Indonesian Spiced Beef Stew (Semur Daging)

This Indonesian Spiced Beef Stew reminds me of a classic British beef and vegetable stew but in this case there are warming spices, herbs and other additional ingredients that provide an unmistakeably South East Asian flavour profile. Taken from Petty Pandean-Elliott’s The Indonesian Table, traditionally semur daging has a thinner sauce. Pandean-Elliott has added flour to thicken it, creating a really comforting dish that is particularly good for a cool autumn or winter day.

The recipe contains two variations you can try, one for Manado Pork Stew (Semur Babi) and one for Vegetarian Stew (Semur Tempe dan Tahu).

Indonesian Spiced Beef Stew (Semur Daging)

Read my The Indonesian Table by Petty Pandean-Elliott.

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Indonesian Spiced Beef Stew (Semur Daging)

The sweetness in this beef stew is tempered by the spices, creating a comforting main course best served with steamed rice. Semur daging is available around the region, with spices changing from region to region. And like most stews,a low and slow cooking time is a must for developing rich and intense flavours. Chopped tomatoes add a bit of vibrant colour. The traditional dish is like a thin stew, so I’ve thickened it with some flour to make it feel more substantial. This famous dish of Idul Fitri often reminds me of the holiday with my Muslim friends in Jakarta.
Author Petty Pandean-Elliott


For the spice blend:

  • 1 tablespoon coriander seeds
  • 1 teaspoon ground cumin
  • 1⁄2 teaspoon cloves

For the beef:

  • 2–3 tablespoon sunflower oil
  • 1 kg (2 lb 4 oz) stewing beef or topside (top round), cut into 2.5-cm (1-inch) pieces
  • Salt and black pepper, to taste
  • 2 tablespoons all-purpose (plain) flour, plus extra for dusting
  • 3 banana shallots, finely chopped
  • 3 cloves garlic, finely chopped
  • 2 red bird’s eye chillies, thinly sliced
  • 1 10-cm (4-inch) piece of fresh root ginger, finely grated
  • 3 green cardamom pods, lightly crushed
  • 1 teaspoon freshly grated nutmeg
  • 1 teaspoon ground cinnamon
  • 1 stalk lemongrass, crushed and tied into a knot
  • 4 makrut lime leaves, torn
  • 5 tablespoons sweet soy sauce (also known as kecap manis)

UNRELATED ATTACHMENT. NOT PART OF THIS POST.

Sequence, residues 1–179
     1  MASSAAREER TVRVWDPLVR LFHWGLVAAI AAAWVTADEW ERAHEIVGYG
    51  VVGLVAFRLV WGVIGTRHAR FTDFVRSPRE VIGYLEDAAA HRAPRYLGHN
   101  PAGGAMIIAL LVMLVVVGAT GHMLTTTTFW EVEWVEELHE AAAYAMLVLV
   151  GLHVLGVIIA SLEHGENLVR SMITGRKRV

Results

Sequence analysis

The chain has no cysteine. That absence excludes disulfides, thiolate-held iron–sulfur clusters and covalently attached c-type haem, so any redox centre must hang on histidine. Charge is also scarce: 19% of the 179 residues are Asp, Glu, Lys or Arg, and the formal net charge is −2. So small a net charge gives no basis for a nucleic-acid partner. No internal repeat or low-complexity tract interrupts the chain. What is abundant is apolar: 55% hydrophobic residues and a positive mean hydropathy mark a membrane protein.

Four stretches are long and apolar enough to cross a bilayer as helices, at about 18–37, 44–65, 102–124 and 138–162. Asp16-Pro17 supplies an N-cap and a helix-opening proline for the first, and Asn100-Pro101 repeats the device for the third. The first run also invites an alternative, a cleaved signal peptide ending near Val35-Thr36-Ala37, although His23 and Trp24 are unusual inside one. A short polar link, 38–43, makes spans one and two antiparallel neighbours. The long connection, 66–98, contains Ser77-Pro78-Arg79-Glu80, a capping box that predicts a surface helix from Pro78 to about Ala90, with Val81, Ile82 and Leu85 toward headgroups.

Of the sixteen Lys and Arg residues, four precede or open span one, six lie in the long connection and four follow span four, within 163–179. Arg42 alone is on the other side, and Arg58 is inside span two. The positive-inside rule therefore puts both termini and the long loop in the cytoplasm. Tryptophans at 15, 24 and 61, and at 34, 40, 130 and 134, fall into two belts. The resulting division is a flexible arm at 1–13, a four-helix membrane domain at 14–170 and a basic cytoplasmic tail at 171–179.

• 2 tablespoons dark soy sauce
  • 300 g (10 1⁄2 oz) new potatoes with skins
  • 2 carrots, unpeeled
  • 2 tomatoes chopped into 1⁄2-cm (1⁄4 -inch) cubes
  • Small handful of Chinese celery leaves or parsley
  • 3-4 tablespoons crispy shallots (optional)
  • Steamed rice, to serve (optional)


Variation: Manado Pork Stew (Semur Babi) - Replace the spice blend with 1 1⁄2 tablespoons Speculaas Spice Blend. Omit the cardamom and replace the beef with pork neck.
Variation: Vegetarian Stew (Semur Tempe dan Tahu) - Omit the potatoes. Replace the beef with 500 g firm tofu and 500 g tempeh, cut into 2.5-cm chunks (do not sear). Add them to the pan with the soy sauce. Mix well and season with salt.


  • To make the spice blend, combine the coriander seeds, cumin and cloves in a frying pan and dry-roast for 5–6 minutes over medium-low heat until fragrant, stirring occasionally to prevent them from burning. Leave to cool. Finely grind using a pestle and mortar. Set aside.
  • Heat 2 tablespoons of oil in the same pan over medium-high heat. Season the beef with salt and pepper, then dust it with flour. Working in batches, add the beef to the pan and sear each side for 1–2 minutes. Transfer to a plate. Repeat until all the beef is cooked.
  • If needed, heat another tablespoon of oil in the same pan. Add the shallots and garlic and sauté for 2–3 minutes. Add the chillies and ginger and sauté for a minute. Add the beef and spice blend, mix well and sauté for 1–2 minutes. Sprinkle in the flour and sauté for 1–2 minutes until the flour turns brown.
  • Stir in the cardamom, nutmeg, cinnamon, lemongrass and lime leaves. Add the sweet and dark soy sauces and 1 litre hot water. Mix well, then season with salt. Bring to a boil, then reduce the heat to medium-low. Cover and simmer for 1 hour.
  • Add the potatoes and carrots and cook for another 30 minutes. Add the tomatoes and half of the Chinese celery leaves. Mix well and cook for another 5 minutes.
  • Ladle the stew into soup bowls. Sprinkle with crispy shallots, if using, and the remaining Chinese celery. Serve with rice if you wish.

This dish is easy to make, and the leftovers are even better the next day.

Indonesian Spiced Beef Stew (Semur Daging)


You may also enjoy more Indonesian recipes and content, here.


Recipe from The Indonesian Table by Petty Pandean-Elliott published with permission from Phaidon Press. Book photography by Yuki Sugiura, all other images by Kavita Favelle. 

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2 Comments to "Indonesian Spiced Beef Stew (Semur Daging)"

  1. Steve Tindle

    I added some pumpkin to the mix, as we have a house full of pumpkins at present. Didn’t, however, have any fresh tomatoes, so used passata which I put in at the same time as the pumpkin.


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